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How to Evict a Roommate in Georgia

Your roommate situation probably started out well. You and a friend decided to become roommates to share expenses or a friend asked to move in because he or she needed a place to stay. Everything was great for awhile, but after time, things started to go downhill and now it's time for your roommate to leave. Except he or she has decided to stay. So now what? How do you evict a roommate in Georgia?


Evicting a Georgia Roommate Can Be Complicated

As living expenses rise, more people are living together as a way to save money. As a result, more people are discovering that living with a roommate is not all it's cracked up to be.


Some roommates think it's okay to just stop sharing in expenses. Others want to party all night. In Georgia, getting rid of your obnoxious roommate, though, depends on a number of factors.

Is Your Roommate on the Lease?

If your roommate is on the lease with you, then you have no authority to kick him or her out. That authority lies directly with the landlord, but even a landlord needs a legally valid reason to throw someone out if that person is on the lease. These reasons usually include not paying rent, using the home for illegal purposes or otherwise breaking the terms of the lease in some way.

The exception to this is if your roommate is threatening you or is violent toward you. If this is the case, then you can get a restraining order and your roommate must leave immediately.

Keep in mind that a roommate on the lease with you is actually a co-tenant and has much right to live in the rental space as you do.

What to Do Now?

Unfortunately, if you live in Georgia, then your options are limited if your roommate is on the lease. You can try asking him or her to leave, but this doesn't always work and can lead to more conflict.

If you and your roommate signed an agreement outlining rules of the house, everything from noise limits to cleaning duties and he or she breaks the agreement, then you probably cannot evict but you can sue for damages in small claims court.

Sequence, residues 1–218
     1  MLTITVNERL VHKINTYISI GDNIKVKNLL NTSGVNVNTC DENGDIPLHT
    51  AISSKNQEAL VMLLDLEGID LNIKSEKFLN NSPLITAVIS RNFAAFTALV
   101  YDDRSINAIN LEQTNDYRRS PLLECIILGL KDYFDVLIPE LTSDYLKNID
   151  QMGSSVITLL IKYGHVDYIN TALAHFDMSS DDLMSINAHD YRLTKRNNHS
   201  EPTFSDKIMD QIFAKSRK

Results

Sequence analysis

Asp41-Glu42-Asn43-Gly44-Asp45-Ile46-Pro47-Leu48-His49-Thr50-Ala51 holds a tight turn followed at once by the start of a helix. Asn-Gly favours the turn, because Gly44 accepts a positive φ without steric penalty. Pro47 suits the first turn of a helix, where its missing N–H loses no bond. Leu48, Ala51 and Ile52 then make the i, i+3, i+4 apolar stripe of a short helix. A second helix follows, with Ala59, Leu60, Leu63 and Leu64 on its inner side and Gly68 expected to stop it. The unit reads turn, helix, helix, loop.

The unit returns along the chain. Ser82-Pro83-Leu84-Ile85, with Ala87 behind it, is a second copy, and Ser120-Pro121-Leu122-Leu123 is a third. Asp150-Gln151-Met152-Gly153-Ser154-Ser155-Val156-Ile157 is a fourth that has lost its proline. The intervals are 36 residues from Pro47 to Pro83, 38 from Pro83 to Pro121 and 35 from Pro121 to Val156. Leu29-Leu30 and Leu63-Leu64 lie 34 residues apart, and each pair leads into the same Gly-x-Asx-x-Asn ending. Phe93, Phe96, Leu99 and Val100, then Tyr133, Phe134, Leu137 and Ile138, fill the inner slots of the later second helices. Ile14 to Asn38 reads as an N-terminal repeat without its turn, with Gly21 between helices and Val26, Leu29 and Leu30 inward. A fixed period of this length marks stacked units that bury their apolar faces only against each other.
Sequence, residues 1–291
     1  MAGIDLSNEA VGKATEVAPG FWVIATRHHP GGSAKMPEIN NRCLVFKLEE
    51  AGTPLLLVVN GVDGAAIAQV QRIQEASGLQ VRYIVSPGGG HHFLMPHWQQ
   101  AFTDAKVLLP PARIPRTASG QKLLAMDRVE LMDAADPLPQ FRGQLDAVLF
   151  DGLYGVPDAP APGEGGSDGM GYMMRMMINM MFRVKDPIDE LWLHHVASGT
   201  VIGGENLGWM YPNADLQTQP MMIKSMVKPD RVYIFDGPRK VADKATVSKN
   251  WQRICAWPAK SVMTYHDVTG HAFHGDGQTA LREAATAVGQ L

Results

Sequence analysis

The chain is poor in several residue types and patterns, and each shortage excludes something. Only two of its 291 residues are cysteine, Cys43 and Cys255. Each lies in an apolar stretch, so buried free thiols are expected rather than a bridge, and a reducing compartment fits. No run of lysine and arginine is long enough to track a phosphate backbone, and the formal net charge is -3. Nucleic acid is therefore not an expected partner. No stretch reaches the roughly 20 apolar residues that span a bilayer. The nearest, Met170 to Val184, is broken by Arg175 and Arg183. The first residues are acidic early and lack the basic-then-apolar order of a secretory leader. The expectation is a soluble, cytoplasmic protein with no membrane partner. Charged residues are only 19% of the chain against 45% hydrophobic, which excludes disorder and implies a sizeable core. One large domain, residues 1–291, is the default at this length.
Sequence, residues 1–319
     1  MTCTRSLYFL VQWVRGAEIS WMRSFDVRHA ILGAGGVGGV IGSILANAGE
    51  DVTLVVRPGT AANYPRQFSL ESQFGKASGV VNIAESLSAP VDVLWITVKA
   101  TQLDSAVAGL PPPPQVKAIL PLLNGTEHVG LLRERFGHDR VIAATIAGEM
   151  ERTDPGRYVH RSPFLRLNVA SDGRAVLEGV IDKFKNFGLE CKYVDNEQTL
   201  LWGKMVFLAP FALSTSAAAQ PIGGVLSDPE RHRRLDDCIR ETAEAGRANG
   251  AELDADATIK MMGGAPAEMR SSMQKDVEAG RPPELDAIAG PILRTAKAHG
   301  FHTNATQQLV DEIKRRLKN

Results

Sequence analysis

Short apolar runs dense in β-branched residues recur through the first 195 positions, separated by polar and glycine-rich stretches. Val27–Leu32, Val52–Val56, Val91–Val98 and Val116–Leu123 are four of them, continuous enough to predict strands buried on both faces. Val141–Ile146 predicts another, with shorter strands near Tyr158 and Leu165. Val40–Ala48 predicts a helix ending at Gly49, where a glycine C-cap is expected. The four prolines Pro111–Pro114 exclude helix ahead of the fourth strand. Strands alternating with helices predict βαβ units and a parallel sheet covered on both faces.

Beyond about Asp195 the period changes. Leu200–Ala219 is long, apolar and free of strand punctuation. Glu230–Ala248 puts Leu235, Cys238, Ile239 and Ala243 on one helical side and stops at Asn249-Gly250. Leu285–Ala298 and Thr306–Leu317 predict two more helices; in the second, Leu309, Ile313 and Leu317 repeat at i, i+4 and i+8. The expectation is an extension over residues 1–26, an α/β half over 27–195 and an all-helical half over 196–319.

Examples include your roommate having loud parties that keep you from getting your work done if you work at home or your roommate not paying his or her share of the utilities.

renters rights

While these situations could be grounds for suing, the risk is that if you sue, you may anger your roommate but not enough to make him or her move out.

You can try talking to your landlord to see if he can get your roommate to budge, but most landlords are content to leave things be as long as they are getting their rent on time and their property is not being destroyed.

An exception would be if you can show the landlord that your roommate is breaking the lease in some way, such as selling drugs from the home (illegal use of the property) or has a dog when pets are specifically forbidden in the lease.

You have to be careful, though, because your roommate could claim that the dog belongs to both of you and your landlord could decide to evict you and your roommate.

Your landlord might be a reasonable person (or corporation), though, and decide to evict only your roommate. If this is the case, understand that it will take time. Your landlord must follow the law, which involves giving your roommate notice of the eviction and time to remedy the situation.


For example, if the grounds for the eviction are that your roommate has a cat and pets are forbidden according to the lease, then your landlord has to give your roommate adequate time to find the cat a new home. If your roommate does this, then he or she cannot be evicted. He or she can stay in the home and chances are he or she will not be happy with you.

It is possible, too, that your roommate may just ignore the eviction notice and decide to stay in the home. In this case, your landlord will have to go to court to ask a judge to tell your roommate to go. If the judge agrees, then the sheriff will come to escort your roommate out of the property. If, though, your landlord loses in court, then your roommate can stay.